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Wood carver designing 28-piece chess set
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Jim Quilici, of Manteca, carves a chess piece – an Indian head – for a set themed after the Old West’s cowboys and Indians. Two finished chess piece cowboy busts are seen in the foreground. Also on his carving table is a creation entitled “Baseball 1906” showing a pitcher winding up and a crouching umpire in the heat of a game. It drew a first place recently in the advanced category of the Tri-Valley Woodcarvers Show in Pleasanton October 24-25. - photo by GLENN KAHL

Wood carving from basswood blocks is a whittling art in action every Monday at the Manteca Senior Center Mondays from 11 a.m. until 3 p.m.

The carvers present their work at four shows a year, according to coordinator of the Manteca Woodcarvers Club, Beatrice Machado – with an average of 80 entries.

Jim Quilici had his “Baseball 1906” on display at his carving table last Monday that featured a somewhat comical pitcher in full windup with his knee held high and his tongue sticking out of his mouth.  Behind the pitcher, and eyeballing the plate, was the umpire with a top hat and cigar squeezed tightly between his lips.

Quilici took a first place in the advanced division of the recent Tri-Valley Woodcarvers competition with his baseball carving.    Currently he is working on a 28-piece chess set of the Old West with intricate detail of cowboys and Indians that he will present to family members when it’s complete.  After the chess set is finished, he will have carved some 200 pieces in all.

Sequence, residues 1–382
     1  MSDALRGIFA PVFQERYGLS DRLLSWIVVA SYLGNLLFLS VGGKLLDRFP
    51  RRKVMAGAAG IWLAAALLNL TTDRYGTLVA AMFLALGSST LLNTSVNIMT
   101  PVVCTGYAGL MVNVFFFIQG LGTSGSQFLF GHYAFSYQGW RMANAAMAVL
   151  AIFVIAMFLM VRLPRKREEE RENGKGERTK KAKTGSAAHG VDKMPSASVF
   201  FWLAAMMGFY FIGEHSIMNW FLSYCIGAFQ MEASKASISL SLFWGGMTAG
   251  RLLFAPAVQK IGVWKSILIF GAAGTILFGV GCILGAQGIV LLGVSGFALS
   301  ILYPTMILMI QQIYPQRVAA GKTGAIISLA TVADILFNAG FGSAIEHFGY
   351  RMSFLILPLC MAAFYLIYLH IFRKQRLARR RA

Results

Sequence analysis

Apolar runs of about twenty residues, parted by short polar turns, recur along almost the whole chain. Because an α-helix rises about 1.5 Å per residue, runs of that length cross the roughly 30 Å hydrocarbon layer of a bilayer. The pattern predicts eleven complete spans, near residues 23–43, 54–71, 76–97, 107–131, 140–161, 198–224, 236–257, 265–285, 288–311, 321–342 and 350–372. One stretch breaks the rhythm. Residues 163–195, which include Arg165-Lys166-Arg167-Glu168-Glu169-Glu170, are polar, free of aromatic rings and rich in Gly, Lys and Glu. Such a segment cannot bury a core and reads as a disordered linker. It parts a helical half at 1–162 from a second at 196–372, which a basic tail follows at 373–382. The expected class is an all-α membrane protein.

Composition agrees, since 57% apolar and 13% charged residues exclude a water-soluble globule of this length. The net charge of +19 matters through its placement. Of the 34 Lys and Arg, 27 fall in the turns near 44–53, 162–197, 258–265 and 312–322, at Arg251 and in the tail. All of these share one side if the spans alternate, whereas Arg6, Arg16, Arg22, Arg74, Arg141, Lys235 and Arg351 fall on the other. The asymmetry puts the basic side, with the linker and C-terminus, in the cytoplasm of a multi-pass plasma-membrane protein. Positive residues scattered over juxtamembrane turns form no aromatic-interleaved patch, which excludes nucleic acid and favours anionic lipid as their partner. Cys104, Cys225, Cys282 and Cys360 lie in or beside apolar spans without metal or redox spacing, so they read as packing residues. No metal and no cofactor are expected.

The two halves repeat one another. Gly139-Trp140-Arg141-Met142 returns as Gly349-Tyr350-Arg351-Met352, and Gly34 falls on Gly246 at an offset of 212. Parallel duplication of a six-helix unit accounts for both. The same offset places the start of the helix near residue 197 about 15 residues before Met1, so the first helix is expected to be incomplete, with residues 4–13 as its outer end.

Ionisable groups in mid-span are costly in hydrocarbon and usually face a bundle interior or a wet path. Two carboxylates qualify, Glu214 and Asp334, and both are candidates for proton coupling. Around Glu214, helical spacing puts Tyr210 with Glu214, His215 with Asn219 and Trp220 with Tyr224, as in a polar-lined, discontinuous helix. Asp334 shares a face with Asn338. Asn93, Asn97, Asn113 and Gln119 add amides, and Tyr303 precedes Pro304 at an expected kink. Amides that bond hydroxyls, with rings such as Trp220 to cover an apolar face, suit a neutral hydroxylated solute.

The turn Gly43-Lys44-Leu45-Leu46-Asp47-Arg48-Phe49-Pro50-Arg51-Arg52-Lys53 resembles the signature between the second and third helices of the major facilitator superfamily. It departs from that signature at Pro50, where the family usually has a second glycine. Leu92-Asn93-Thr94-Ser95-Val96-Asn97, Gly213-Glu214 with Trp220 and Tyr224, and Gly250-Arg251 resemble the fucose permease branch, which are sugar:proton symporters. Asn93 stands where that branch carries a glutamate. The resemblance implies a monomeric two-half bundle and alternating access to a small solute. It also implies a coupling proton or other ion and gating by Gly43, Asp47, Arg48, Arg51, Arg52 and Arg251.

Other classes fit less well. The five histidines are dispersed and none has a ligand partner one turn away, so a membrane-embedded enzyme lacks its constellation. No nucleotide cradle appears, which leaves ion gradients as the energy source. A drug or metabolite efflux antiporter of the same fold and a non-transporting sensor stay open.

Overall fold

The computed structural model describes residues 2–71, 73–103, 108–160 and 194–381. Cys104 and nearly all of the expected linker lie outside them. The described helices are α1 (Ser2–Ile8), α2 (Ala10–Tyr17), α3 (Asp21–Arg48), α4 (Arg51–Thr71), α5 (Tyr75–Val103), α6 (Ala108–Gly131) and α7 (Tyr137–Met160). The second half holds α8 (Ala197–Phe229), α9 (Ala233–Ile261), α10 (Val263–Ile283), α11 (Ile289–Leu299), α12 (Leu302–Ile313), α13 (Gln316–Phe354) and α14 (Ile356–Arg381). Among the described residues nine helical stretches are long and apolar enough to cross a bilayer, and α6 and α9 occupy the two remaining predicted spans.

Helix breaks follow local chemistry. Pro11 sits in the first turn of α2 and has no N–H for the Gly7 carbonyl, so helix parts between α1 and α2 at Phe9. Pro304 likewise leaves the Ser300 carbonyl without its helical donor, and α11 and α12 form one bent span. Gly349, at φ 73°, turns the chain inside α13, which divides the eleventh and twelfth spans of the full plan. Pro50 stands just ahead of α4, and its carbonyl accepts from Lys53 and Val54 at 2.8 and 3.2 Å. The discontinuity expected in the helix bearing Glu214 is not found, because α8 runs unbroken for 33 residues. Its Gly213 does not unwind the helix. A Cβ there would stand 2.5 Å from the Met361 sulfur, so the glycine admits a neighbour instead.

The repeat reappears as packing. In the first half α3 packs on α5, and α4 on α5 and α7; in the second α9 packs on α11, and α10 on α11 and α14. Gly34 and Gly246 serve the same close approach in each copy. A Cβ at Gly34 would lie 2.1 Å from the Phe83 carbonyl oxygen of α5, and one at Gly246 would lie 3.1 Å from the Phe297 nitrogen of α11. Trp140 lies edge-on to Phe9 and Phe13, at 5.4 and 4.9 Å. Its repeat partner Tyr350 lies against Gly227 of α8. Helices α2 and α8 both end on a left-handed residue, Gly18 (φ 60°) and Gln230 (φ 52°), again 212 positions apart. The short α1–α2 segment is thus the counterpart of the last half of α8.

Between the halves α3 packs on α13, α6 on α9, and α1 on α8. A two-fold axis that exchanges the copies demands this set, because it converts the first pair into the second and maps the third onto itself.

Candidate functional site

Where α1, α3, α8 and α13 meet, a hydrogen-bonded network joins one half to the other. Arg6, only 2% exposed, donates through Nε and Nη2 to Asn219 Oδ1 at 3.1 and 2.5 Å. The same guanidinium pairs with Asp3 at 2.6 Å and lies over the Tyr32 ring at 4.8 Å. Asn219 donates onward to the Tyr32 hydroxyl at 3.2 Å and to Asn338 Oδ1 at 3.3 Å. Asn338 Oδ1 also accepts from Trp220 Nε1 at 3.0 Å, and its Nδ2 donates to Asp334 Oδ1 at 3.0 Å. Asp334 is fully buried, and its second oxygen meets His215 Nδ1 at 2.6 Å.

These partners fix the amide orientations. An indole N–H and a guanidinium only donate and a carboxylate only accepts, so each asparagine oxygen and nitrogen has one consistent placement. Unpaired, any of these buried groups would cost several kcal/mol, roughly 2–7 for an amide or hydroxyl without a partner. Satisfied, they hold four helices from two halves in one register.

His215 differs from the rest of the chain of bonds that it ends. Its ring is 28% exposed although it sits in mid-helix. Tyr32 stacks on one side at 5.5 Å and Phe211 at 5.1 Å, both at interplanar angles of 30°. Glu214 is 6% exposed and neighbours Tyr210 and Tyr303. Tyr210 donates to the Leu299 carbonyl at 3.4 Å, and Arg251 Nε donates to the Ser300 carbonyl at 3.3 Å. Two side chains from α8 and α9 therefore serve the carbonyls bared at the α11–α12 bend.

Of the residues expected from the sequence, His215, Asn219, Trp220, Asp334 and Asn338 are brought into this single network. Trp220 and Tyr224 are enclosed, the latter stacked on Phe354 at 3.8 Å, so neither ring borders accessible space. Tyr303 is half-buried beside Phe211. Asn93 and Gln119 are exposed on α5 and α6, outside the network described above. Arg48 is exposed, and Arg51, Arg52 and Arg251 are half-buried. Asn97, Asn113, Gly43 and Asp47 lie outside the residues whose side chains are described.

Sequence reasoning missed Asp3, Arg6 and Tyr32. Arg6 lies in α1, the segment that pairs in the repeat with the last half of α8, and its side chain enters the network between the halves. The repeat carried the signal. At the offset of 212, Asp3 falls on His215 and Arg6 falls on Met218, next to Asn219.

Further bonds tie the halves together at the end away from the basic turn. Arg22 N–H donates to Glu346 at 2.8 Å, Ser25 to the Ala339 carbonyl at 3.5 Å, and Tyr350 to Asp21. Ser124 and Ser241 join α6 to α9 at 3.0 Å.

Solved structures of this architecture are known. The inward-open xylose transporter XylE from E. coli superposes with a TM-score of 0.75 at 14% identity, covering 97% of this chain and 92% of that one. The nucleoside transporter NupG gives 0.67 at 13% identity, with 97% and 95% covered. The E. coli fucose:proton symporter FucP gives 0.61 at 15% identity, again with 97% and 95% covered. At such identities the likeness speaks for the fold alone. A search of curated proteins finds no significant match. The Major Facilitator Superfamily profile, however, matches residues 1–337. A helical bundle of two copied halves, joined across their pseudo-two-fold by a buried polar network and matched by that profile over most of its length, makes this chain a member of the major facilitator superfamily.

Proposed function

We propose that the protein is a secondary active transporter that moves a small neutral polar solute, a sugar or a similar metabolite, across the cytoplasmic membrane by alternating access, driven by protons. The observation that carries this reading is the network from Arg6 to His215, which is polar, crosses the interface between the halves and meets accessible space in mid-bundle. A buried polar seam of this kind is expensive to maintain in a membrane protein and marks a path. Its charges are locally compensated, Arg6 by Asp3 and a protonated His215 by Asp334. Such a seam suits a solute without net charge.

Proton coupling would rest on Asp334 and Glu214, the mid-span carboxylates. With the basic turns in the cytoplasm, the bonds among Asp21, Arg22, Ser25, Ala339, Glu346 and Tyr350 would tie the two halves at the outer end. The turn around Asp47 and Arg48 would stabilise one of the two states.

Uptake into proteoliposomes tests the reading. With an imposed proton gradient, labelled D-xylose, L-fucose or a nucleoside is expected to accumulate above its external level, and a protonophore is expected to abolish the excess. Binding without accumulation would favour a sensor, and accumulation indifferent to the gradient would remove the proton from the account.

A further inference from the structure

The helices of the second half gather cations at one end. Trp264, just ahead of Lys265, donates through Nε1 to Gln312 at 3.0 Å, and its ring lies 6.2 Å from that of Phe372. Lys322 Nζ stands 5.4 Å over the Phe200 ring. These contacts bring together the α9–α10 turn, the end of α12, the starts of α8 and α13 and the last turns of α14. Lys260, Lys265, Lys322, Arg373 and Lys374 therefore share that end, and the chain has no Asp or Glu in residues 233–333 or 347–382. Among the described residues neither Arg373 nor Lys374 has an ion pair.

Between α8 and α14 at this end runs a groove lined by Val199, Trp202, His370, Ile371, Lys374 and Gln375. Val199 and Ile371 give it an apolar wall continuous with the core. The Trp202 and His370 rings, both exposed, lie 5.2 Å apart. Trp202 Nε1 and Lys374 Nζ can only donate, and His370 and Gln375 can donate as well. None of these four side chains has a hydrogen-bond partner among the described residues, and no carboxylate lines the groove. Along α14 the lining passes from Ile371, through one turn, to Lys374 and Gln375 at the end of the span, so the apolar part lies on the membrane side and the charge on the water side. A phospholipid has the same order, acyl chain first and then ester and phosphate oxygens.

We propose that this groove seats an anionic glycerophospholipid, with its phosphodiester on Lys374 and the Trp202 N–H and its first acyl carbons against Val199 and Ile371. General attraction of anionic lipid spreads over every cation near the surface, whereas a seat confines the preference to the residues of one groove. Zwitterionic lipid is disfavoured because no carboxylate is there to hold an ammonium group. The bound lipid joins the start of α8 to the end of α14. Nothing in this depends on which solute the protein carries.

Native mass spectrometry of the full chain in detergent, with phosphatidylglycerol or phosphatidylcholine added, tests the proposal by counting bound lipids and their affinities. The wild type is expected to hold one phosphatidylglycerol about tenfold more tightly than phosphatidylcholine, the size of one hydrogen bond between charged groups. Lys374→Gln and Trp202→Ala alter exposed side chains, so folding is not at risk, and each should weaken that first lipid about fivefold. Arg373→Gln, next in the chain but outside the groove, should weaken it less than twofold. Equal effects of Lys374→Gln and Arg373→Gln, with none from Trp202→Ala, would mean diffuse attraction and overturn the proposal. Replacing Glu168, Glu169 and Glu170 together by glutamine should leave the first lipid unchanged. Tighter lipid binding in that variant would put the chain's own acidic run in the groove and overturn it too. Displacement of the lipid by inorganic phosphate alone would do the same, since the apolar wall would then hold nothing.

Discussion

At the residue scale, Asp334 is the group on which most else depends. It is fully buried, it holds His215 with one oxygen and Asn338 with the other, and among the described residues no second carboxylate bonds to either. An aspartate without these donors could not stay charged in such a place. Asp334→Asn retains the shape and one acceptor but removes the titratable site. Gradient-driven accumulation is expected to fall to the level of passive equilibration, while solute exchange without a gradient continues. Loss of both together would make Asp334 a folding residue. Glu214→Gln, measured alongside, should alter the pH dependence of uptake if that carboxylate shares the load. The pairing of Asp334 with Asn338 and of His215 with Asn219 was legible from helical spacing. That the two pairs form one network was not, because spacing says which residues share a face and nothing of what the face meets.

Quilici, 71, is retired from a supervisory position with Granite Construction Company – builder of roads, tunnels, airports and other infrastructure.  He said he took up carving only after his retirement.

Machado said the wood carving shows usually draw upwards of 80 entries.  She also enters the advanced categories of competition.  Her necklaces are carved from a variety of mediums: olivewood from Bethlehem in the Holy Land, a 400-year-old oak tree in Livermore and black and white ebony from Africa.  She also has a series of pens on display with wooden barrels.

There are usually a half dozen carvers working at their craft each Monday morning at the Manteca Senior Center.

For anyone seeking more information on the craft of wood carving there is a woodcarving illustrated message board on line that runs the gamut from a beginner’s guide to chain saw carving – a service of the Woodcarving illustrated magazine – a how-to magazine for carvers.  Online carving classes are also available.

The organization’s address is